More On Breaking Up The Banks

Back on the soapbox about breaking up the banks.

At The Baseline Scenario, Simon Johnson restates his case for restructuring the banking sector:

If Secretary Geithner’s scheme works, we draw the lesson that our banks became too big and we aim to make them smaller relative to the economy moving forward.  The regulatory agenda currently in progress – including for discussion at the G20 next week - would do essentially nothing to reduce the political power of big banks.  We need simple caps on bank size, leverage relative to the economy and – this is harder – measures of interconnected tail risk (i.e., is everyone making the same kind of crazy loans?).  Design a system with this in mind: regulators get captured and super-regulators get super-captured.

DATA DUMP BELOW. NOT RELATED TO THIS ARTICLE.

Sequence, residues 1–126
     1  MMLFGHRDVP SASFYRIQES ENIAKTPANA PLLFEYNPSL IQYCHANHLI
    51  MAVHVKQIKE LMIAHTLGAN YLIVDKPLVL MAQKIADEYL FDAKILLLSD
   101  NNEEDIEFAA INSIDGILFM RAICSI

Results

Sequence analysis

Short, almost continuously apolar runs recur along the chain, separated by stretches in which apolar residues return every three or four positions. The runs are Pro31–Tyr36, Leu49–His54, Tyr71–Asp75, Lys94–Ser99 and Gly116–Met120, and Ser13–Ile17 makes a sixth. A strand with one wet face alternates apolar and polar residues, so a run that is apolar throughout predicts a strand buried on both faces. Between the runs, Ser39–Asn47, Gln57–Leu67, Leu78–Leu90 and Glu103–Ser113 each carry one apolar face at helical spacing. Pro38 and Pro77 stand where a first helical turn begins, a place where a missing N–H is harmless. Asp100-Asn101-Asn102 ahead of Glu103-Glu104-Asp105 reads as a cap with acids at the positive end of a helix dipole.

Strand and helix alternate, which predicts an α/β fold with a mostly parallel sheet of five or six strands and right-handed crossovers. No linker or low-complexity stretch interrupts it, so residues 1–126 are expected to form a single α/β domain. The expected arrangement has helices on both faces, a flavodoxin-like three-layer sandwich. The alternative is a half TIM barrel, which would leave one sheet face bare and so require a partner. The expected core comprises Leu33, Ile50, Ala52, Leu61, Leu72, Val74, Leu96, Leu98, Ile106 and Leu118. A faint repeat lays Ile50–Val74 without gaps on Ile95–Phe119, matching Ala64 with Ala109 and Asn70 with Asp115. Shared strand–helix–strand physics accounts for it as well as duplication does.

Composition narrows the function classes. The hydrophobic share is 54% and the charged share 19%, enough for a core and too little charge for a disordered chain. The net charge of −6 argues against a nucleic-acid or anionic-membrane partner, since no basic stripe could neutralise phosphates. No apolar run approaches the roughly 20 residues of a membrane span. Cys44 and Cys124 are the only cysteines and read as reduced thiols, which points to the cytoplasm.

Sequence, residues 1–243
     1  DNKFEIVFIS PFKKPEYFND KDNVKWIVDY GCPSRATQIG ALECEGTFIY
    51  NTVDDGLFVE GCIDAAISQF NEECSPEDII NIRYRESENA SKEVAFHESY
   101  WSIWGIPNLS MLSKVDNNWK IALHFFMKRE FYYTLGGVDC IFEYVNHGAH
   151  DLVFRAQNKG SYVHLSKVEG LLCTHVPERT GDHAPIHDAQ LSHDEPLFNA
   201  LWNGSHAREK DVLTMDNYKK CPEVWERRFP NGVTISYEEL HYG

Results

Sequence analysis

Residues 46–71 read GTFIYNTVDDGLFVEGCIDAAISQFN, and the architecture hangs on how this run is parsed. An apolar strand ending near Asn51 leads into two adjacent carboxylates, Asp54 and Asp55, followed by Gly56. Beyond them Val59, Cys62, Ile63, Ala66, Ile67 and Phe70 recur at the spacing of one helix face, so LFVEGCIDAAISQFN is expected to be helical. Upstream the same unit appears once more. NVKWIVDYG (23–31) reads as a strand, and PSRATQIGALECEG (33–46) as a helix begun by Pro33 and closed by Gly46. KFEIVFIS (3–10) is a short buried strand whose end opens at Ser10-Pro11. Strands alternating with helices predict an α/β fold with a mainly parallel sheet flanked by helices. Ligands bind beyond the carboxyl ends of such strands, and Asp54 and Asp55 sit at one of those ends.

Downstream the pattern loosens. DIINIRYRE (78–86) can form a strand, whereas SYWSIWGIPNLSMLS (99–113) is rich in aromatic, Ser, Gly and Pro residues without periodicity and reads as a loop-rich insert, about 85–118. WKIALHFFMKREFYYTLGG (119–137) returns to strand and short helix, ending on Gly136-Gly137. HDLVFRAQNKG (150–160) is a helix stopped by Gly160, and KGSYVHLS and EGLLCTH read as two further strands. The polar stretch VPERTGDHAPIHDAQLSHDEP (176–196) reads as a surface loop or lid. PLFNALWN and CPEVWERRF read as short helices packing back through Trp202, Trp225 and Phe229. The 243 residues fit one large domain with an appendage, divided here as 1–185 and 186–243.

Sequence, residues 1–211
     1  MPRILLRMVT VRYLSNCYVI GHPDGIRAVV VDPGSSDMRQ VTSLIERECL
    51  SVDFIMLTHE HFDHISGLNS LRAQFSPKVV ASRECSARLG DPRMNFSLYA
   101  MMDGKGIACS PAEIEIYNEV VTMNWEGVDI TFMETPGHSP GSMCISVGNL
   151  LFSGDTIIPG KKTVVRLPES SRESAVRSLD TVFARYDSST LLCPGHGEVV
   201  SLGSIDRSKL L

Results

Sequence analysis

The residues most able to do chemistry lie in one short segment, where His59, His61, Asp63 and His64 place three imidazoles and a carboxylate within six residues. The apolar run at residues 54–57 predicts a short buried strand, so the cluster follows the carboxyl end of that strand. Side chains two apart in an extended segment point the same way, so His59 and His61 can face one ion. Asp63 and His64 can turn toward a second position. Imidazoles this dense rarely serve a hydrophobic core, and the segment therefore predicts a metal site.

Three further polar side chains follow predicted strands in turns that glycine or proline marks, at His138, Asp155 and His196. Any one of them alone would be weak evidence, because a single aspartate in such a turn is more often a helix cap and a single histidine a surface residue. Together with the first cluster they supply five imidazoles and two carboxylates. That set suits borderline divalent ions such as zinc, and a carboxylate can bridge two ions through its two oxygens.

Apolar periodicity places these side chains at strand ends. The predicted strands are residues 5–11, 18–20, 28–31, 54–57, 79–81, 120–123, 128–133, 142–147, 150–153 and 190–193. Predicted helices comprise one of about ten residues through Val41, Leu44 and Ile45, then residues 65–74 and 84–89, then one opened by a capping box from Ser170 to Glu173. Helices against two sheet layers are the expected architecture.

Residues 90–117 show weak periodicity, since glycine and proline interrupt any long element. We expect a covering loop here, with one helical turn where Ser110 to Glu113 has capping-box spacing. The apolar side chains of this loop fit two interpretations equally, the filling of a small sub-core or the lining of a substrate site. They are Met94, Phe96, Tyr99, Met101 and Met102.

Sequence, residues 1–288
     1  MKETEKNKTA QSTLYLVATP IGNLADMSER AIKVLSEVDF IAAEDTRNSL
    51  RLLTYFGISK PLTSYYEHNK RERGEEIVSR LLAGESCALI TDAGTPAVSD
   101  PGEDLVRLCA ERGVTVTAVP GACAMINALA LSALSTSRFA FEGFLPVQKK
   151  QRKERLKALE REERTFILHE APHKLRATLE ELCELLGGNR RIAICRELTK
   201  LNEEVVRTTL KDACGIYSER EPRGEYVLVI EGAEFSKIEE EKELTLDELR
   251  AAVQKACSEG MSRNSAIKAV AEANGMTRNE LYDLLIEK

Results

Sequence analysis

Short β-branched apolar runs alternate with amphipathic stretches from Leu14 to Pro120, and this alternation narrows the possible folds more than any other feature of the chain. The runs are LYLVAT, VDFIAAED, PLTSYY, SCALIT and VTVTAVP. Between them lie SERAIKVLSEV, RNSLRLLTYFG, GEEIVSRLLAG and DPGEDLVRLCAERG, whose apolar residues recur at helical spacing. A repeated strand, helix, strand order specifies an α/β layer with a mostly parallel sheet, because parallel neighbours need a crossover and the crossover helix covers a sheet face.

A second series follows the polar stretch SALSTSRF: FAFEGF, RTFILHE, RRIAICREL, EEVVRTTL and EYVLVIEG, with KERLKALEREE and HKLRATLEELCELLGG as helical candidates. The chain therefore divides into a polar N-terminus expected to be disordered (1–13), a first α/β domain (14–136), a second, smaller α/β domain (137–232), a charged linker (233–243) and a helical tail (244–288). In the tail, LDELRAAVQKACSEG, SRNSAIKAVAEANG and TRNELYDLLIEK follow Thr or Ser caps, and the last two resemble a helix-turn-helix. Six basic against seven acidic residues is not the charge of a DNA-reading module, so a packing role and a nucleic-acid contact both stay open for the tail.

If the scheme doesn’t work, we draw the exact same lesson.  And, of course, we should expect Chairman Bernanke to move forward with his Plan B (or is it Plan Z?): inflation.

There is little discussion of this subject that I have run across either in the MSM or the blogosphere. None of the discussions within Congress seem to be following this line. Indeed, the political approach is sadly predictable — write more rules and protect your donor base.

The surest way to relive this crisis is to leave the current structure of the financial system in place.

more: here and here (previous posts)

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